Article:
The bathtub race started as a fun way to celebrate Canada’s centennial in 1967 and the racing has gotten a lot faster over the years.

The bathtub race started as a fun way to celebrate Canada’s centennial in 1967 and the racing has gotten a lot faster over the years.

Ask an expert – bathtubs

What’s with Nanaimo’s obsession with bathtubs? The Harbour City is home to the Great International World Championship Bathtub Race.

What’s with Nanaimo’s obsession with bathtubs?

The Harbour City is home to the Great International World Championship Bathtub Race, the signature event of the Nanaimo Marine Festival.

The great race started as a fun way to celebrate Canada’s centennial year in 1967 and it has been a popular event ever since, said Bill McGuire, commodore of the Loyal Nanaimo Bathtub Society.

Glen Galloway, a salesman at Nanaimo Realty and member of the city’s centennial committee, which was charged with coming up with ways to celebrate Canada’s 100th birthday, suggested holding a bathtub race.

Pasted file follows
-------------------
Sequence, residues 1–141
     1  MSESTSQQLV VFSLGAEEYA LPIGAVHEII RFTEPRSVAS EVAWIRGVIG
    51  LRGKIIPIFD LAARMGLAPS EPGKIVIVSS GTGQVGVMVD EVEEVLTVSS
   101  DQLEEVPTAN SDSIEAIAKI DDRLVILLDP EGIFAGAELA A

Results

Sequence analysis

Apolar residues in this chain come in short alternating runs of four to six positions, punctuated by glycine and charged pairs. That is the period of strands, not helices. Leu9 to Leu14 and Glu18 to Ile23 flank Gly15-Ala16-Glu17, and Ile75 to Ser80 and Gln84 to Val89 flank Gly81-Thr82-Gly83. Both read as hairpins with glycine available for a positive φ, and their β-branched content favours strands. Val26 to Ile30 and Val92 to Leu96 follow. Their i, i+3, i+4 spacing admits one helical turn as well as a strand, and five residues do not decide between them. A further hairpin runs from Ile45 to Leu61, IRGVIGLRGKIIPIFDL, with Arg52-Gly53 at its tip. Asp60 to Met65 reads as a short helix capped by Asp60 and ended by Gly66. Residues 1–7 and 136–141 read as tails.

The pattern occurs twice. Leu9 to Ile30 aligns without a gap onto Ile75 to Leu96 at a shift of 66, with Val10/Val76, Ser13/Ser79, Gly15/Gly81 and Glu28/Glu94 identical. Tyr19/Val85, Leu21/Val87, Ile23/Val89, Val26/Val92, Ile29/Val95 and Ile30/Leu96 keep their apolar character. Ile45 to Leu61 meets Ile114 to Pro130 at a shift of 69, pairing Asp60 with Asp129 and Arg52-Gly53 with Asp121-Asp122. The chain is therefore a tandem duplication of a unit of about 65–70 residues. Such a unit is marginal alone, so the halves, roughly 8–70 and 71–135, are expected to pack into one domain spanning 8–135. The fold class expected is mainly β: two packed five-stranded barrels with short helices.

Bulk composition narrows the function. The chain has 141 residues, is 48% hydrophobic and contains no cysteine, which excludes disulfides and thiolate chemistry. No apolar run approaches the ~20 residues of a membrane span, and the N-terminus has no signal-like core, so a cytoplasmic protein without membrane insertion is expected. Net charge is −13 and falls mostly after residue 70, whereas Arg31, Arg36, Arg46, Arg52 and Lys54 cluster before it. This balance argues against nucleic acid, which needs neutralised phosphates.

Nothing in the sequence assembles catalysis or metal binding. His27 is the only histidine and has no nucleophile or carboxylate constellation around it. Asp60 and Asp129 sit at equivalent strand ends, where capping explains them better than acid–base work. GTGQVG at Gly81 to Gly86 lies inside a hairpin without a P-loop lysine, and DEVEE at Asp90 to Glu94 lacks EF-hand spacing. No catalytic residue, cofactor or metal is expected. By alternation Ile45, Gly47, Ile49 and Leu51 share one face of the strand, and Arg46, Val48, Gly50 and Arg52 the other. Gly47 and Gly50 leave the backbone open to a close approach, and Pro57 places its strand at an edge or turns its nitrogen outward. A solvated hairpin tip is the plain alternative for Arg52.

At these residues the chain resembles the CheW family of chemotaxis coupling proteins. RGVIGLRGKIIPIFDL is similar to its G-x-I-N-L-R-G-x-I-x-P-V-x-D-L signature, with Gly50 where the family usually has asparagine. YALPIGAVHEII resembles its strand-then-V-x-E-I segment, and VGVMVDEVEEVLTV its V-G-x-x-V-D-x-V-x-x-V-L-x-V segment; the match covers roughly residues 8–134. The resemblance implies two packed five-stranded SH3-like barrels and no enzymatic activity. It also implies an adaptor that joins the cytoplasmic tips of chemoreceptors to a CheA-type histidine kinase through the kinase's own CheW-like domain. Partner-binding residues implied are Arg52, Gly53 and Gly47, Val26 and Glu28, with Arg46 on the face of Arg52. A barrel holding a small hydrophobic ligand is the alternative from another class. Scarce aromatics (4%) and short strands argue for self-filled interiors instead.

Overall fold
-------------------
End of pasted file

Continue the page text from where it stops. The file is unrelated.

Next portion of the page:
Frank Ney, chairman of the committee and future mayor of Nanaimo, gave his blessing and the sport of bathtub racing was born.

That year, around 200 “tubbers” entered the race, which began in Nanaimo harbour and ended in Vancouver, and 47 of them completed the 58-kilometre course.

“It certainly captured all the news media around the world – it was zany, it was different,” said McGuire.

And while the course has changed – the race starts at Nanaimo harbour and ends in Departure Bay – the bathtub-like boats have gotten more sophisticated and the race is now part of a three-day festival.

“We never had any idea this thing would go on for 46 years, but it has become part of Nanaimo’s culture,” said McGuire, who has been involved with the races since Day 1.

“It brings a lot of people into town. The whole town embellishes it.”

He said people come from all around the world to race on the big day, and the Nanaimo event has also inspired races in other communities, including Campbell River, Port Alberni, Victoria and other parts of the world.

People see the festival as a chance to really let their hair down, McGuire added, and what makes it a large community affair is all of the other activities that go on during bathtub weekend, including the fireworks, beer gardens, entertainment stage and parade.

“It’s not just the bathtubs anymore,” he said.

reporter@nanaimobulletin.com